Vitamins and Cancer:
We find it truly astonishing that the vitamin skeptics always ignore one of the best and longest studies of vitamins ever conducted. The Physicians’ Health Study II was a “large-scale, randomized, double-blind, placebo controlled trial” involving nearly 15,000 male doctors. In other words, this was a gold-standard study.
“Compared with placebo, men taking a daily multivitamin had a statistically significant reduction in the incidence of total cancer (multivitamin and placebo groups, 17.0 and 18.3 events, respectively, per 1000 person-years…”
“Conclusion: In this large prevention trial of male physicians, daily multivitamin supplementation modestly but significantly reduced the risk of total cancer.”
If this were an expensive drug we suspect that many physicians would be prescribing it with enthusiasm. Even a modest reduction in cancer is important.
Vitamin D vs. Cancer:
There has been considerable evidence over the decades that low levels of vitamin D are associated with an increased risk of various cancers. The latest evidence was published in the Journal of the National Cancer Institute (June 14, 2018).
“‘For both men and women, deficient levels of vitamin D were associated with a 30 percent increased risk of colorectal cancer,’ says Marji McCullough, a nutritional epidemiologist with the American Cancer Society and study co-author. People who had higher circulating blood levels of vitamin D, above the range deemed ‘sufficient,’ had a 22 percent lower risk, she says.
“The study pooled findings from 17 previous studies that included 12,813 adults in the U.S., Europe and Asia. Those studies collectively looked at 5,706 people with colorectal cancer and 7,107 people of a similar age and race who didn’t have cancer.”
In their own words the researchers state:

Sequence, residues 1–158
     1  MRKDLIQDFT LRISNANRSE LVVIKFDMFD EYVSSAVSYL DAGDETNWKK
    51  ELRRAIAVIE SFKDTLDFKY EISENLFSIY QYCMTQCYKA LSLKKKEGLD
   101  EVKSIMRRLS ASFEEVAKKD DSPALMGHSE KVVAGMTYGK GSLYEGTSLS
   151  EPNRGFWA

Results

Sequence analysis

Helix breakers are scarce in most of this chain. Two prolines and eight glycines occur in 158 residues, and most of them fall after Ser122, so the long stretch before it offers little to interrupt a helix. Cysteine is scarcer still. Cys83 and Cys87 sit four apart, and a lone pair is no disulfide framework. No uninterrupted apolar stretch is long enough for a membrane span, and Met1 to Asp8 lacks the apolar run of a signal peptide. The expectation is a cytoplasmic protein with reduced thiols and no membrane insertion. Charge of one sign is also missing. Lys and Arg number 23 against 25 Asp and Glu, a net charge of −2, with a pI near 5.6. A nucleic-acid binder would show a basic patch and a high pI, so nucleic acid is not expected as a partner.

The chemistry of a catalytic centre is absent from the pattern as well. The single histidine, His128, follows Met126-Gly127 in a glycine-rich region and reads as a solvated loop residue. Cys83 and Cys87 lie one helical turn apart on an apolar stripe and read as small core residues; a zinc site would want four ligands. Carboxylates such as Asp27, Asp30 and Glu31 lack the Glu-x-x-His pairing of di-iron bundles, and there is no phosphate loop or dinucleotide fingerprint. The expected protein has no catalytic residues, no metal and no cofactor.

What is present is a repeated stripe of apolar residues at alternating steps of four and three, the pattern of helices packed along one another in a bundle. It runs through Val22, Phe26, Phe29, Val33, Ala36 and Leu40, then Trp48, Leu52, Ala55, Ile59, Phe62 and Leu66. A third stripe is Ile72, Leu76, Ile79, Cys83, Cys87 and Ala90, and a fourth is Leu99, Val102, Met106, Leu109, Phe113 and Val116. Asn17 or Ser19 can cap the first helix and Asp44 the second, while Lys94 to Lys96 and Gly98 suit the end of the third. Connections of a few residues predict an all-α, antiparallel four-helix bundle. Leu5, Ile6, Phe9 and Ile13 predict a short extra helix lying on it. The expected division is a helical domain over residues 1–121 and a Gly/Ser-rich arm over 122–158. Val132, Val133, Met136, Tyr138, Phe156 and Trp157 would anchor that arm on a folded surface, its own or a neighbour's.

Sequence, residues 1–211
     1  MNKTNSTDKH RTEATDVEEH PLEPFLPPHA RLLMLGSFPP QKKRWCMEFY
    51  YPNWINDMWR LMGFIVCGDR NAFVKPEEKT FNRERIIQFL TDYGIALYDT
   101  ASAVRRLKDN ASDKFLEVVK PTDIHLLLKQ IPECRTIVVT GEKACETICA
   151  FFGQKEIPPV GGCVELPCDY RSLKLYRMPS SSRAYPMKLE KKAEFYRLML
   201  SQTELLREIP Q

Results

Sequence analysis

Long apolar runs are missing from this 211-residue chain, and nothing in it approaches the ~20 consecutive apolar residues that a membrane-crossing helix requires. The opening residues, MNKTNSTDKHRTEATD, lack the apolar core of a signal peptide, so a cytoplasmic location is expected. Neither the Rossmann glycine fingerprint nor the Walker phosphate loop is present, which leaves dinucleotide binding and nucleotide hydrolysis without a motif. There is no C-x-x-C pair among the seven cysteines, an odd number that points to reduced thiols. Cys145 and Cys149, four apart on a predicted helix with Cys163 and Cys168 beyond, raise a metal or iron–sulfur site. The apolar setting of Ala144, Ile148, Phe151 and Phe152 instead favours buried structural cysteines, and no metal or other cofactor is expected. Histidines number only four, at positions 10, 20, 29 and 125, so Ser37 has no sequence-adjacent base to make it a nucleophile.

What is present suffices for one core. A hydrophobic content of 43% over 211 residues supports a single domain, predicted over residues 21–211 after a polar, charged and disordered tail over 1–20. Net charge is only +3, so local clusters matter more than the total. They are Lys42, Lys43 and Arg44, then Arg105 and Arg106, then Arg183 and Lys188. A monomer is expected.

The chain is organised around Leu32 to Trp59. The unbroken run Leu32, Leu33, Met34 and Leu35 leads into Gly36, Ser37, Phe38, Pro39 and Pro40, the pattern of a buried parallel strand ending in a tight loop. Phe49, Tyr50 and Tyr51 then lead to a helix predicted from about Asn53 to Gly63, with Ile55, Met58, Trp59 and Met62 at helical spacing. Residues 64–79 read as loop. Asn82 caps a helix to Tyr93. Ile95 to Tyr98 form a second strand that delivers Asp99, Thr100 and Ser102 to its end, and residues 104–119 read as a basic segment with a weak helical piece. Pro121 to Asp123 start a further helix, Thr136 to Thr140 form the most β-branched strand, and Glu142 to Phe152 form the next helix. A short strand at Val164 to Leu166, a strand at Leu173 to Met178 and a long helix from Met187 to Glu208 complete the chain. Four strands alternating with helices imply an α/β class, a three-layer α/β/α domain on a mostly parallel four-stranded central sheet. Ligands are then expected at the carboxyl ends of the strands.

“Higher circulating 25(OH)D was related to a statistically significant, substantially lower colorectal cancer risk in women and non–statistically significant lower risk in men. Optimal 25(OH)D concentrations for colorectal cancer risk reduction, 75-100 nmol/L, appear higher than current IOM [Institute of Medicine] recommendations.”
People’s Pharmacy Perspective on the Vitamin Wars:
We do not understand why health professionals continue to fight the vitamin wars. What is it about nutritional supplements that makes so many physicians cringe? Tens of millions of Americans are deficient in both vitamins and minerals. Many of these deficiencies are triggered by commonly prescribed medications. Here is a link to our free Guide to Drug and Nutrient Interactions.
If you would like to learn more about medicines that interfere with nutrient levels, we recommend the book, Fortify Your Life: Your Guide to Vitamins, Minerals, and More, by Dr. Tieraona Low Dog. It is published by National Geographic Books.
You may also be interested in our recent interviews with Dr. Low Dog and Dr. JoAnn Manson. They offer differing perspectives on the value of vitamin and mineral supplements and who can benefit. It is Show 1124. Here is a link.
Share your own thoughts about vitamin and mineral supplements below in the comment section.
Joe Graedon is a pharmacologist. Teresa Graedon holds a doctorate in medical anthropology and is a nutrition expert. Their syndicated radio show can be heard on public radio. In their column, Joe and Teresa Graedon answer letters from readers.